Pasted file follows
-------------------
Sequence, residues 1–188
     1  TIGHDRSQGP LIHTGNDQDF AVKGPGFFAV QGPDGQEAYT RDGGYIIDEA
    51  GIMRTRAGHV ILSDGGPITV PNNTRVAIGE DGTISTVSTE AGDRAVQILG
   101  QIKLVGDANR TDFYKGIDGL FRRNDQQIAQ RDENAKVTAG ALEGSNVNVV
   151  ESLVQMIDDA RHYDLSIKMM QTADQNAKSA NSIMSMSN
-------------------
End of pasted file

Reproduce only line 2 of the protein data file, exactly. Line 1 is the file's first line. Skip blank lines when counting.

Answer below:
     1  TIGHDRSQGP LIHTGNDQDF AVKGPGFFAV QGPDGQEAYT RDGGYIIDEA